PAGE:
Sharks hold off Wings for 4-2 win

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Sharks hold off Wings for 4-2 win

BOX SCORE

DETROIT, MI Whether the Sharks want to admit it or not, and even though its early in the year, theres still something special about beating the Detroit Red Wings at Joe Louis Arena.

Against what is perhaps their biggest rival, the Sharks used a breakaway goal by Joe Thornton and then an empty-netter by the captain to claim a 4-2 victory in Detroit - their fourth straight regular season win here. The Sharks remain perfect on their road trip (4-0), and moved two games over .500 for the first time this season (5-3-0).

It was, in all probability, the biggest win of the young season.

Just because they are an elite team and they are competitive, coming in and getting a win does feel nice, said Patrick Marleau, who had a goal and an assist. That said, its always a hard-fought game.

Two good teams just going at it, said Thornton.

The names on the score sheet were familiar ones. Along with the pair from Thornton and one from Marleau, Ryane Clowe scored a power play goal in the second period for the Sharks. Detroits goals came from Henrik Zetterberg and Tomas Holmstrom.

In a game with two teams that are so narrowly matched, it often comes down to who makes the biggest blunder. Thats what happened to Detroit on Thorntons breakaway goal at 18:18 of the second period that broke a 2-2 tie.

Joe Pavelski played a wrap around pass around the boards from Marleau, and quickly wheeled and found Thornton all alone, streaking down the middle of the ice. Ian White, Dan Cleary and Nicklas Lidstrom all somehow lost track of the Thornton, and he fired it through the five hole of Jimmy Howard for what ended up being the game-winner.

Thornton actually turned around once he received the pass, probably out of shock that he could be left so alone.

I saw Pav grab the puck and I just bolted out, Thornton said. I was a zone and a half away from everybody. I dont know how I got that open.

McLellan joked that he was just happy to see one of the games best passers fire the puck.

It was nice to see Jumbo shoot it, he had nobody to pass to. But he did look behind him, which worried me, said the head coach.

Thornton and Marleau werent the only ones putting up multiple-point nights, though. Marty Havlat registered two more assists, and now has five in four games with the Sharks.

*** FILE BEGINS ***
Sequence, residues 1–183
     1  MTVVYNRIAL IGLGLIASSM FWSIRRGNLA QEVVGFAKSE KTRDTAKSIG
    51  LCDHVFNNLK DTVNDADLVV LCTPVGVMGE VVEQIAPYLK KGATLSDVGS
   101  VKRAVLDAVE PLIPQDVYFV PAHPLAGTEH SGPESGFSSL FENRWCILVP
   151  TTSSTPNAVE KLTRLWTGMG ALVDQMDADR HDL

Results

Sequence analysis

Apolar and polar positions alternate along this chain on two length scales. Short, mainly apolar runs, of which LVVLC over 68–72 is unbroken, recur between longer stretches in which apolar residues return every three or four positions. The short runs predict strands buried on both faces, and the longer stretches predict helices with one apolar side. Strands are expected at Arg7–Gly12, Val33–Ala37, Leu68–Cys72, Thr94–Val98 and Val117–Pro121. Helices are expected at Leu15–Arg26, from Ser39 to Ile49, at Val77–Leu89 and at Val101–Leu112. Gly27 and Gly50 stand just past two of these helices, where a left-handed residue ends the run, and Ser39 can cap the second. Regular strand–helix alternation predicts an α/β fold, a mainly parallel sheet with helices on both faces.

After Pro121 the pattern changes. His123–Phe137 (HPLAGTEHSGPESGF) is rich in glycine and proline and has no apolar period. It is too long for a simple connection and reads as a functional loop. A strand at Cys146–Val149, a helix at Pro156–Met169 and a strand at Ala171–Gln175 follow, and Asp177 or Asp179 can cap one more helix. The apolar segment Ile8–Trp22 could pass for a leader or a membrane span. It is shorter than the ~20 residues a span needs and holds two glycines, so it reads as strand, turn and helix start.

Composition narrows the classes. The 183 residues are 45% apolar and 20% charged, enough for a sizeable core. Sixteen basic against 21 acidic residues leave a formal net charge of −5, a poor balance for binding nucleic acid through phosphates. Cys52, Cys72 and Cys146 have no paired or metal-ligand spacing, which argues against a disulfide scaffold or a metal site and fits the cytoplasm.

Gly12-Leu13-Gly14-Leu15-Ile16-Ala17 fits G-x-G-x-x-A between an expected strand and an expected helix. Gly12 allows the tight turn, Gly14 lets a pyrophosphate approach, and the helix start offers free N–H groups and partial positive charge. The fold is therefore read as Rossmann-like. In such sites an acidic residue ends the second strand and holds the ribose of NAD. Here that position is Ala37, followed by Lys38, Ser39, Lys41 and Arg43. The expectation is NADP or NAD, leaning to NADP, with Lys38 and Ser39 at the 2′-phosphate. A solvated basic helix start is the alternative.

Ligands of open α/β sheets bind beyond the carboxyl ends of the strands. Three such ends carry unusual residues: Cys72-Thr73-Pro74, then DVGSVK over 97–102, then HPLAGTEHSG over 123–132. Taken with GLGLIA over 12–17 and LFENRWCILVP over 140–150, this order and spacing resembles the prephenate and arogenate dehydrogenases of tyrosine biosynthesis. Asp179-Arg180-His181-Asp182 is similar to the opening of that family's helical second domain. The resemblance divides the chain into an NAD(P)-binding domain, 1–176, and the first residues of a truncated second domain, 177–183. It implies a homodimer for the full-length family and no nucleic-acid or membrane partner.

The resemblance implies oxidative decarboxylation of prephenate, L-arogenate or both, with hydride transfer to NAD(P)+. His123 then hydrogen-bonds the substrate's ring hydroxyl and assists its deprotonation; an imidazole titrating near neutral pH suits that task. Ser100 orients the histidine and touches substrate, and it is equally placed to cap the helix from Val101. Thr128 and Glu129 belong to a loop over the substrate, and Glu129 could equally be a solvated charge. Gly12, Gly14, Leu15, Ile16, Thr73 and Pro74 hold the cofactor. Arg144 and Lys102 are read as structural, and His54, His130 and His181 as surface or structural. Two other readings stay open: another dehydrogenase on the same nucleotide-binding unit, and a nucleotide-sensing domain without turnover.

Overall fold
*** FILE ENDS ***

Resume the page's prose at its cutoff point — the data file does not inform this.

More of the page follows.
Hes the first San Jose player to register an assist in his first four games with the club since Thornton did it in eight straight in December 2005.

Marty had his best night as a Shark, in my opinion, said McLellan. Very slippery on the ice and very smart with the puck. Logan Couture and Clowe benefited from it. The trust between him and I, and him and his teammates, is growing on a daily basis.

Havlat helped the Sharks even the game in the second period after Zetterberg had given Detroit the lead in the first. On a Sharks power play, Marc-Edouard Vlasic threw the puck towards the slot, and it ended up bounding onto Havlats stick. Havlat quickly backhanded it to his left to an open Clowe, who easily fired in his third goal of the year at 2:10 of the middle frame.

San Jose took its first lead when Marleau outraced former teammate White to a puck that was tossed high into the zone off of the glass by Douglas Murray. Marleau was able to chip the bouncing puck past the glove hand of Jimmy Howard at 7:57 of the second.

Dougie got a play off the glass and out, and just a couple pretty fortunate bounces on my side, said Marleau. Unfortunately for Whitey, it bounced over his stick there. I was just able to get it for a split second and get a shot off.

Holmstrom re-tied the score with a deflection of a shot by Pavel Datsyuk at 14:44 of the second on the power play, but was all Detroit would get past Niemi, who finished with 30 saves.

The Sharks' goalie, making his fifth straight start, was a bit fortunate in the first period when an apparent goal by Holmstrom was waved off as the referee ruled incidental contact. That would have made it 2-0, Red Wings.